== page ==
Problem%20Set%20_4b%20ANSWERS

Problem%20Set%20_4b%20ANSWERS - Econ 181: International...

Info iconThis preview shows pages 1–3. Sign up to view the full content.

View Full Document Right Arrow Icon
Econ 181: International Trade Spring 2009 Problem Set #4b (Due Tuesday, April 7, 2009) 1. Article Analysis—Intra-industry Trade: Read this article and answer the following questions. Sabra Chartrand, “Stepping Up the Pressure Against Piracy in China”. The New York Times, December 6, 2004. The URL is: a. Why is piracy an issue that is relevant for intra-industry trade? Firms that engage in intraindustry trade have large fixed costs, and therefore declining average costs. Firms that have large fixed costs spend billions of dollars creating intellectual property, and it is precisely firms in these industries that are the target of piracy, "DVD's, CD's and digital games" and "clothing and prescription drugs." All these industries have high fixed costs and relatively low marginal costs. b. How is piracy affecting international trade? For one, it is raising administrative and border costs to nations attempting to stop the flow of counterfeit or pirated goods. The more subtle and nefarious effects of piracy are the undermining of intellectual property rights and reducing incentives for innovation. By counterfeiting goods and smuggling them into industrialized countries, Chinese pirates are making it more difficult for firms to recoup their substantial fixed cost investments. This will ultimately reduce the production and trade of these differentiated products. c. Could the amount of piracy in China be related to the lack of price discrimination? It's certainly possible. Because per capita income in China is so much lower than the industrialized world, the willingness to pay for luxuries such as CDs and DVDs would also be much lower in China. So the emergence of piracy in China may be due at least in part to the failure of rich country firms to sell the goods less expensively in the developing world. The reason that these intraindustry trading firms are not engaging in this price discrimination, of course, is because it would create arbitrage opportunities by selling the goods back to rich countries. The possibility of arbitrage rules out significant price discrimination, so there is something of a market failure here. d. The president of the International Intellectual Property Alliance states that "[a] CD costs 15 cents to produce." If that is true then why do CDs cost upwards of 100 times that in retail markets? This is another feature of monopolies or monopolistically competitive industries—firms charge a price greater than marginal cost because products are differentiated, and the higher price goes to paying the higher fixed costs related to product development.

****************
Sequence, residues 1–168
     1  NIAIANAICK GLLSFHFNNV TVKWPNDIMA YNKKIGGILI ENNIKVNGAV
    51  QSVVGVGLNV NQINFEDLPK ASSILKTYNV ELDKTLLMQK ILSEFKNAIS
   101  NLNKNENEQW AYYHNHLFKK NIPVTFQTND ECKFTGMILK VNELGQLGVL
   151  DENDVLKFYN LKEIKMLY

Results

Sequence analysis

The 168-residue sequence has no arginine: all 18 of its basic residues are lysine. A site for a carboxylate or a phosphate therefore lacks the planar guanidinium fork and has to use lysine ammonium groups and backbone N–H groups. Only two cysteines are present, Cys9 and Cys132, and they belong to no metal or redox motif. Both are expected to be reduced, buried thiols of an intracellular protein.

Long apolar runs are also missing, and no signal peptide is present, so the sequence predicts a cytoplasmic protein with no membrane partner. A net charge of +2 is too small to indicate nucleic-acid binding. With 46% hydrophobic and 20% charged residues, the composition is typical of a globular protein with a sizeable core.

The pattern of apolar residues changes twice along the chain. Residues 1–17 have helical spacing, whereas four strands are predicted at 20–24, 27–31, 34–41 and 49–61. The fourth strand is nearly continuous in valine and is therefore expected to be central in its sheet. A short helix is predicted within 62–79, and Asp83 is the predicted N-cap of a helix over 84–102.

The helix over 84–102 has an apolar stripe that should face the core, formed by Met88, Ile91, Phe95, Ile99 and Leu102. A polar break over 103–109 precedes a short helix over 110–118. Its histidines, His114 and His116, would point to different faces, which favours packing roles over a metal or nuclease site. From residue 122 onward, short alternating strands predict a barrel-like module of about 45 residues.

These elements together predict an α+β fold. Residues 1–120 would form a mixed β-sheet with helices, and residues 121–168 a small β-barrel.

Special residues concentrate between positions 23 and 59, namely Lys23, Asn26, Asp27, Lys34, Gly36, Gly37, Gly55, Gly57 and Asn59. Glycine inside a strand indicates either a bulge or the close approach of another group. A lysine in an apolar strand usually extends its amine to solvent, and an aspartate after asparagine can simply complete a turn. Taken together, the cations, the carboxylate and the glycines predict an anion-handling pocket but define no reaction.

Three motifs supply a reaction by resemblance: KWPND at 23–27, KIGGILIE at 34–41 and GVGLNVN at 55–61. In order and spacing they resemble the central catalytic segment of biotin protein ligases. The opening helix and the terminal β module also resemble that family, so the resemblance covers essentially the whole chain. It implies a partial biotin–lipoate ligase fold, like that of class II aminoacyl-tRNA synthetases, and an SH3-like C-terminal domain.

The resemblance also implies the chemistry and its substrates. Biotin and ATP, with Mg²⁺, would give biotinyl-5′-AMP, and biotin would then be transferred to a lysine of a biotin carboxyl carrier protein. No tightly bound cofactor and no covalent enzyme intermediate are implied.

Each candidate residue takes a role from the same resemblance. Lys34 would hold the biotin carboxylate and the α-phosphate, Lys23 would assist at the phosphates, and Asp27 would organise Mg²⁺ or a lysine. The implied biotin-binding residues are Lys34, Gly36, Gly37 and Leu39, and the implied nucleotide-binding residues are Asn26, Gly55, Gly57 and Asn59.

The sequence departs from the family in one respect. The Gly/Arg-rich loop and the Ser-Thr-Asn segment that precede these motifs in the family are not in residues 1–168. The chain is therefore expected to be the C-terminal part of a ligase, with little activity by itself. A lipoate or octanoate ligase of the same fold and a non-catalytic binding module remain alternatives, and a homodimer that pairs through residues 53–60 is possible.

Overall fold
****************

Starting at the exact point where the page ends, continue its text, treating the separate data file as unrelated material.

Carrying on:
Background image of page 1

Info iconThis preview has intentionally blurred sections. Sign up to view the full version.

View Full DocumentRight Arrow Icon
2. Model Analysis—Imperfect Competition. Suppose the widget industry operates in the home country such that
Background image of page 2
Image of page 3
This is the end of the preview. Sign up to access the rest of the document.

This note was uploaded on 11/13/2009 for the course ECON 181 taught by Professor Kasa during the Spring '07 term at University of California, Berkeley.

Page1 / 6

Problem%20Set%20_4b%20ANSWERS - Econ 181: International...

This preview shows document pages 1 - 3. Sign up to view the full document.

View Full Document Right Arrow Icon
Ask a homework question - tutors are online